Magazine article The Spectator

Low Life: Jeremy Clarke

Magazine article The Spectator

Low Life: Jeremy Clarke

Article excerpt

I took a dab of antiseptic gel and rubbed my hands together. 'Alone tonight, sir?' said the charming head waiter. I was, I said. For the sake of conviviality, he seated me opposite the only other lone diner in the ship's restaurant, a chap in his mid-sixties with his head in a book. This bookish loner had a jutting Mr Punch chin and an old-fashioned lothario's pencil moustache. A few hours earlier, I'd noticed him prowling the deck wearing only a minuscule pair of leopard-skin print bathing drawers and a sea captain's hat. We shook hands and exchanged Christian names. Gunter hailed from Germany but spoke basic English.

I asked him what his book was about. 'It is about life after death,' he said. He was disinclined to elaborate, but willing to initiate a conversation about death. 'And was your grandfather killed in the first world war?' he said. No, I said. He was only wounded -- shot in the leg near Ypres. And your grandfather, I asked? Was he killed? 'No, no,' he said. 'My grandfather was only a regimental tailor. At Verdun. He mended the broken uniforms.' I pictured his grandfather pedalling away on his sewing machine in a dugout, then ventured that my grandmother's brother was killed by a direct hit from a shell on the Somme. 'The headmaster at my first school lost his arm at the Somme,' said Gunter. 'He was kicked by a horse and the arm was destroyed and the surgeon had to cut it away. Have you ever seen an amputation? Or perhaps a dissection of a dead person?' Alas no, I said. 'And would you like to see a photo of a dissection? I have one in my cabin. One moment. I will bring it.'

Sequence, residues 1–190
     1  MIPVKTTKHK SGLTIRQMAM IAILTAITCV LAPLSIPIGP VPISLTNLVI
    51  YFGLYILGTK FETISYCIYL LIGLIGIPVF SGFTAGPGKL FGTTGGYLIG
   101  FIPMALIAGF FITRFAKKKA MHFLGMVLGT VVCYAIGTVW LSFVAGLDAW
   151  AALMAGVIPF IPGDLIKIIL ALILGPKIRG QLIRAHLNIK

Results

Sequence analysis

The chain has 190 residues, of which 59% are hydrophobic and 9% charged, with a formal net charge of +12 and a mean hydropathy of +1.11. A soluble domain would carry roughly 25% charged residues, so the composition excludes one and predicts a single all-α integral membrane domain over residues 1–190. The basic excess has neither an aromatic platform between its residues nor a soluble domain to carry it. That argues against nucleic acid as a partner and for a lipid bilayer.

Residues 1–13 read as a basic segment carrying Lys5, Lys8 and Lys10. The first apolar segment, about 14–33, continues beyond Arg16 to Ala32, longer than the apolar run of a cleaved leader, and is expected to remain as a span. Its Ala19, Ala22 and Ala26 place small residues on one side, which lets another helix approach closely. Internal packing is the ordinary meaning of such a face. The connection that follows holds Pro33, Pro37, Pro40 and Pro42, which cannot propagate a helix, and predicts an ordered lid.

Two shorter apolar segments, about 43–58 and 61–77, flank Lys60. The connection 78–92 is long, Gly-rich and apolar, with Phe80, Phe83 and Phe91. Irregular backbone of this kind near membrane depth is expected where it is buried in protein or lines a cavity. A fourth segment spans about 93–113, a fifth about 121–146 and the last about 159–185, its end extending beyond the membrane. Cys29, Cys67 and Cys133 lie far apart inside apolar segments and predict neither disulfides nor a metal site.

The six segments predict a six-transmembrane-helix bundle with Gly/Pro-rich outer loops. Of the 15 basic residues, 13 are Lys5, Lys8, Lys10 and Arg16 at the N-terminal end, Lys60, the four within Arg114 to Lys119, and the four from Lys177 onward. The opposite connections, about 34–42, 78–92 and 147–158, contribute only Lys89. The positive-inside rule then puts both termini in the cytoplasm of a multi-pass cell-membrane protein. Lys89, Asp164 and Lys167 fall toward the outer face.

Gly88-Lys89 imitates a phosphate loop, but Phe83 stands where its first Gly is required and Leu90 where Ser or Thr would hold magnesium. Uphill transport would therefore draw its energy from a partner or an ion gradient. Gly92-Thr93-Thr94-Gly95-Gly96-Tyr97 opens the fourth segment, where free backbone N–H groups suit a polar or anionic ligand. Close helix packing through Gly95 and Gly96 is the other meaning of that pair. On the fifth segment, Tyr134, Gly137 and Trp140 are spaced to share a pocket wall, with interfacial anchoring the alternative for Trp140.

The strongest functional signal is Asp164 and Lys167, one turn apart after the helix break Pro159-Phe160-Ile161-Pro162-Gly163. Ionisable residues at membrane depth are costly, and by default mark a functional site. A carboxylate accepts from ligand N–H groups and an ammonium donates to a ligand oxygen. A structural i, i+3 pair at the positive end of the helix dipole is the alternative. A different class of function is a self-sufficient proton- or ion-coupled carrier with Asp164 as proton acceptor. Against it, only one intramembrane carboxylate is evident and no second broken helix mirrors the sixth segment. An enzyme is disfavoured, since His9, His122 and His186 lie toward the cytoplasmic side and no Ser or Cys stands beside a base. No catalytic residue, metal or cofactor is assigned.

He rose from the table. While he was away, a waiter appeared with a menu and took my order for asparagus soup followed by the stir-fried pork. A minute later, Gunter returned to the table, with the photo buttoned into the breast pocket of his country and western-style shirt. He unbuttoned the flap, took out the photo and passed it across. 'I was in Thailand,' he explained. 'I just walked into the university, found the dissection room and nobody said anything.' The photo showed a hideously bloated, flayed corpse face-down on a table. A young student was leaning over it and making a careful incision in the neck. I congratulated him on his audacity. …

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